- Sisters of the Sacred Heart
- Society of Jesus
- Congregation of the Sisters of the Blessed Sacrament for Indians and Colored People
- Society of African Missions
- Society of Mary
- Sulpicians
- Benedictine Monks
- Redemptorists
- Salvatorians
- Third Order of St. Francis
- Trinitarians
- Trappists
- Daughters of Charity - Franciscan Friars Capuchins
- Franciscan Friars Minor
- Franciscan Friars Conventual
- Carmelite Sisters
- Christian Brothers
- Franciscan Sisters
- Holy Cross Brothers
- Immaculate Heart of Mary Sisters
- Marists Brothers - Vincentians
- Sisters of Charity
- Order of St. Camillius


Keep them in prayer.

Closing remarks by Sr. Margaret Downing, delegate for Consecrated Life for the Diocese of Savannah

To be consecrated is to be made a vessel for the holy; not to be holy in oneself, but to be invited to the disciplines and given the Gifts needed to focus on God before and beyond all things.

My own experience of living a consecrated life has been one of joy, most of the time. I do not mean that it has been a life without struggles, disappointments, and failure. I mean that when those things happen, I always know that God's love sustains me and that the people of God recognize the radical willingness and the conviction of those who live religious life. By and large, my sisters and brothers are determined to allow God to use us even when we do not understand how that is true.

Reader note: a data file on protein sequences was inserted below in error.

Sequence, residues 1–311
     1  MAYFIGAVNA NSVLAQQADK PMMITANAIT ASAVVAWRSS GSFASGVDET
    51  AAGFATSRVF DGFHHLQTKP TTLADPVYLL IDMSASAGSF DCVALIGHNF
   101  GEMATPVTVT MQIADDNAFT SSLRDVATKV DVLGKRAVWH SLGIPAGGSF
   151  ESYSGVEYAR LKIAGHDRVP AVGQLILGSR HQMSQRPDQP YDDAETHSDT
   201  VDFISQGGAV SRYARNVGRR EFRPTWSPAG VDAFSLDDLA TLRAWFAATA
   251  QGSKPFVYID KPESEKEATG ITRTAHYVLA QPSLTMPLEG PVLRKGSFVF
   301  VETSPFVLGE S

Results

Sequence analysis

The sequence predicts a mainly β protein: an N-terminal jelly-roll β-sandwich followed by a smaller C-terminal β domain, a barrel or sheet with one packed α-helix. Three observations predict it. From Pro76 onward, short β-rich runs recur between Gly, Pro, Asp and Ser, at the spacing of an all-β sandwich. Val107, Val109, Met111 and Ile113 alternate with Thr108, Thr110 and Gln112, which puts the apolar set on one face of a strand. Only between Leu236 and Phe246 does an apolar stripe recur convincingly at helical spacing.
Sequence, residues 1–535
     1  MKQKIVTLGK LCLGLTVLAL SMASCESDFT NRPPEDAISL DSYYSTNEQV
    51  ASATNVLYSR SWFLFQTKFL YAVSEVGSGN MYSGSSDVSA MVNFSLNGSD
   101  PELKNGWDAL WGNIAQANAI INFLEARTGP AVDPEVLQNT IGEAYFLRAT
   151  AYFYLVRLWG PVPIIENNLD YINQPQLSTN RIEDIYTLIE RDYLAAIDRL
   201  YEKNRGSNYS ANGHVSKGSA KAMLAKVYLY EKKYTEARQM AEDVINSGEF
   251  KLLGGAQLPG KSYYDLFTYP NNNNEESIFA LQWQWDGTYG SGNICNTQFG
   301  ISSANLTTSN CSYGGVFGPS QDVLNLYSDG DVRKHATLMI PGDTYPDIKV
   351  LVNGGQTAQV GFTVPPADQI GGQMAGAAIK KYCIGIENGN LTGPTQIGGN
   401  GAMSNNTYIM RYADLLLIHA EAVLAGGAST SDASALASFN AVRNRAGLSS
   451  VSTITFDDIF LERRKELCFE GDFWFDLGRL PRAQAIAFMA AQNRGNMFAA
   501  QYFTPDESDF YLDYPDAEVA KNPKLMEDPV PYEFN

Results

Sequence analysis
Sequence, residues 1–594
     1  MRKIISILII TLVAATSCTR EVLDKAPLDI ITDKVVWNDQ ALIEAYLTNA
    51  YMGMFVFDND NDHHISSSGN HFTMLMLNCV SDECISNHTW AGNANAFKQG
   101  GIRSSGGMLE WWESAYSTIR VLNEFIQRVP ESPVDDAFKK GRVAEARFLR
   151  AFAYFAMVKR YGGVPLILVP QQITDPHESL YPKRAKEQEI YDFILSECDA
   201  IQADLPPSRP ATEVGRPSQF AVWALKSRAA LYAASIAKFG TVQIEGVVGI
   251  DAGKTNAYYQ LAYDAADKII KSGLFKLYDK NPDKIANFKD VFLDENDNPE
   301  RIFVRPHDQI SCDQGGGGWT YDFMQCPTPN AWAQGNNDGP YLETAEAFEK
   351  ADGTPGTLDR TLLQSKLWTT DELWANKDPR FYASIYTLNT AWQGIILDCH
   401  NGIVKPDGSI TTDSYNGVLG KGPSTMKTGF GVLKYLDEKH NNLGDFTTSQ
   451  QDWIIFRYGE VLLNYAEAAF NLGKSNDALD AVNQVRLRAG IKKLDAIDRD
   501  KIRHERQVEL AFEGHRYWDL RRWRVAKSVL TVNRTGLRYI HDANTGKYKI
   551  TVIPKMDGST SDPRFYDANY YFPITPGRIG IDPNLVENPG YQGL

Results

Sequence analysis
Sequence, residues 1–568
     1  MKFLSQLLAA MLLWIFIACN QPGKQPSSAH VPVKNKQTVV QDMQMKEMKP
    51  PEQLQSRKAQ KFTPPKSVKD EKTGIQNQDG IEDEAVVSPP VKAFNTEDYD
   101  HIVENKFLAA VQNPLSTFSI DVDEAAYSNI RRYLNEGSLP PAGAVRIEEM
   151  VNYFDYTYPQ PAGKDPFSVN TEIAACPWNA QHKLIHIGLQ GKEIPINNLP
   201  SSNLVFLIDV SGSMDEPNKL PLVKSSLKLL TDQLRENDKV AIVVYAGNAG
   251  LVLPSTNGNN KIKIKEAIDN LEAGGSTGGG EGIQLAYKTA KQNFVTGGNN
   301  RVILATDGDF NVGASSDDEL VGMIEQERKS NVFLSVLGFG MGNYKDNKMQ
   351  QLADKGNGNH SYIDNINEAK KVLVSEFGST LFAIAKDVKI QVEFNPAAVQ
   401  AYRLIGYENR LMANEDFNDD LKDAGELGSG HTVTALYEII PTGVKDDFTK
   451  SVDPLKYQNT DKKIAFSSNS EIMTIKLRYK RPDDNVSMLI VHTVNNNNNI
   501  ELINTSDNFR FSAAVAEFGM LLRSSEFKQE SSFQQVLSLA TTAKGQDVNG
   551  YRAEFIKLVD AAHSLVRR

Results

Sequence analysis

Simeon lived such a life. I like to think of his joy as he saw the infant he had lived in expectation of. I hear him blessing the child and his parents, warning them, yes, that the life ahead would have its difficulties, but rejoicing in fulfillment of a promise.
My reflections on consecrated life and those who live it, imperfect as we all are, is one of immense blessing. I share my reflections with you.
Blessed are those who are unafraid to witness to the joy of the Gospel Message by their lives, for their joys are multiplied.
Blessed are those who chose a life without spouse or children, and find their relationships instead among the poor and the little ones, so that they can be available to those who need a mother, father, sister or brother; for God shall be the center of their lives.
Blessed are those who are convinced of the immensity of God's love for all people. They know the truth.
Blessed are those who withstand the temptation to rail at perceived injustice, to despair when the future looks bleak, these save their energy for the inequities which others experience and will eventually be vindicated.
Blessed are they who find joy in small things and teach others the value of the widow's mite, others will recognize their humility and simplicity.
Blessed are they who make prayer their priority, for God enfolds them in love.
Blessed are those who continue to serve the poor, the sick, the children, even when the supports they count on fall through and their work seems unappreciated.  They have a freedom of spirit denied to those who are successful as our world judges success.
Blessed are those who age with dignity and share their wisdom, for they are allowed to share the fruits of their lives in God.
Blessed are they who seek to renew themselves in the spirit of their founders, and bring those dynamic understandings to the present circumstances: they can awake the world.
It is a blessing to be among you today, and on behalf of my brothers and sisters, I thank you for joining in this liturgy. I thank Bishop Hartmayer for making this Eucharistic celebration a priority early in this year of Consecrated Life. Let us consciously work at being those vessels of the holy, which eventually become transparent so that all others see is God.